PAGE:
McClatchy-Tribune News Service's Scores

  • Movies
For 601 reviews, this publication has graded:
  • 61% higher than the average critic
  • 2% same as the average critic
  • 37% lower than the average critic
On average, this publication grades 3.4 points lower than other critics. (0-100 point scale)
Average Movie review score: 60
Score distribution:
601 movie reviews
  1. Scribbler is just daring and interesting enough that you can see why a fairly accomplished cast — from Cassidy to Dushku, Gershon to Campbell — was drawn to it, even if the execution underwhelms.
  2. Neeson is the rock anchoring all this, making the incredible at least passably credible as he lurches into the frame with his limping boxer’s gait. But you get the sense that he is no more “Taken” with this than we are.
  3. The resolution to this puzzle is so botched it’s insulting, as if they’re daring us to laugh at the notion that this is merely “the beginning.”
  4. None of it adds up to much more than a chuckle or two, a smile or three and a lot of slow, poetically drawn-out moments of mild anguish or the simple delight of walking through Greenwich Village in the spring.
  5. Like “Brazil” and “Twelve Monkeys,” it’s about human connections in a technologically warped world rendered lonely and unlivable by the lack of those connections.
  6. In this not-even-faintly scary, rarely funny horror comedy, Smith is still sucking down big gulps of empty calories and hoping we’ll laugh at his belch.
  7. Fort Bliss is a solid tough-adjustment-coming-home melodrama built around a superb performance by Michelle Monaghan.
  8. A big, broad dysfunctional family comedy, sort of a “Parenthood” pushed into R-rated “Adulthood” territory.
  9. An odd, unpleasant 2011 thriller from Austria only now earning limited U.S. release. It’s a reminder of why so few filmmakers experiment with visual-only storytelling. It’s hard to pull off.
  10. Would No Good Deed have anything worth talking about without the Ray Rice sucker punch tie-in? Barely.
  11. It’s visually lovely, and the performances are subtle, sunny and sympathetic. Camara lends a playful touch to Antonio’s Beatle-mania.
  12. The most valuable thing about the film, implied in the shared narration by Terrence Howard and director Martin Shore, is capturing these legends one more time before it’s too late.
  13. Smith peoples the film with the same cast, including Kris Kristofferson as Hazel’s grandpa and Tom Nowicki as the aquarium’s benefactor. There just isn’t enough for them all to do. Freeman gets the few funny lines, which are all the same.
  14. The Drop is a simmering thriller from the writer who gave us “Mystic River” and “Gone, Baby Gone,” a tale heavy with the weight of violence we know is coming.
  15. Skeleton Twins may not be a wholly fleshed-out character study, and nobody here takes a flying leap out of his or her comfort zone. But the timing of this tale of depression, suicide and how vulnerable we all are to our past, our demons and our shortcomings, is enough to recommend this engagingly melancholy comedy.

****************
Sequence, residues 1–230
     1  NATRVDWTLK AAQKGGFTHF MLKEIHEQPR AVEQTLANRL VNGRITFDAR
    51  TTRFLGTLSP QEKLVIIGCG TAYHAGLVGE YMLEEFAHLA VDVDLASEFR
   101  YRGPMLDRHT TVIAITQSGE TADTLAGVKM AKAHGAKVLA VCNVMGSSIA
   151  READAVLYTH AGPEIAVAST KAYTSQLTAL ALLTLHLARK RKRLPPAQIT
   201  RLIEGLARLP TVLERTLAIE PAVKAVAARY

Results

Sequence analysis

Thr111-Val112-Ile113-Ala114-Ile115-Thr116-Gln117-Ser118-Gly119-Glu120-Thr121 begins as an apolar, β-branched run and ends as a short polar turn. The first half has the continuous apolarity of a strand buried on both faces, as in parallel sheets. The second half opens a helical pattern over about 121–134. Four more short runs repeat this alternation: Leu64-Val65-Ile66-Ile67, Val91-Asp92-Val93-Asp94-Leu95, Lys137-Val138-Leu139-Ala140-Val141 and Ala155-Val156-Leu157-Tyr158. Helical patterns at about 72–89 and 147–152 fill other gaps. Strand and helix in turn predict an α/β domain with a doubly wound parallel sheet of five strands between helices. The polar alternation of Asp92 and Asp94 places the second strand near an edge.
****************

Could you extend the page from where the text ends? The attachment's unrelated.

16. The thing that “Disappearance” does perfectly is, unfortunately, its most anti-cinematic trait. Grief and a romantic break-up have never been more deflatingly, depressingly captured.
  17. “Eleven” turns out to be an overreach, with too many voices to be anything but superficial, too few (she skipped sub-Saharan Africa and Latin America) to be thorough.
  18. The venerable acting firm of Smith-Kline & Scott Thomas make certain that this Paris trip is anything but a waste.
  19. A stylish, moody and atmospheric tale contorted into a young adult horror story, it never works up a decent fright.
  20. A musical mashup of Elvis and Jerry Lee Lewis biography and myth, The Identical plays like a failed faith-based “Inside Llewyn Davis.” And that’s the closest thing to a compliment it will get.
  21. It’s too bad the script lacks the sight gags or one-liners that could have made this good looking picture more animated.
  22. A historically interesting story is painted in broad, colorless strokes, alternating as it does between soap opera and slapstick.
  23. Radice has delivered an engaging portrait of a loose cannon back when professional sports still produced such unfiltered creatures, a man who lived by his own rules, said what he thought and wore curlers to practice when he felt like it.
  24. The considerable charms of Jason Bateman and Olivia Wilde get a considered workout in the lightly charming New York romance The Longest Week. It’s a droll comedy, with a droll narration.
  25. Life of Crime is lesser-Leonard, an all-star kidnapping comedy that manages to “Be Cool” even if the filmmaker never quite finds the grim faced grins that the best Elmore noirs boast.
  26. It’s more unpleasant than scary, and ever so slow in getting up to speed.
  27. The entire affair feels malnourished, under-rehearsed and starved of energy.
  28. A humorless, muddled, bloody and generally unpleasant thriller.
  29. When the Game Stands Tall is a solid if unsurprising and uninspiring melodrama.
  30. "A Dame to Kill For” isn’t the shock to the system “Sin City” was. But whatever its plot repetition and warmed-over tough talk cost it, this is still a movie like few others you’ve ever seen, a 3D slice of Nihilistic noir that will have you narrating your own guts and guns story on the drive home, chewing on a toothpick as you do.

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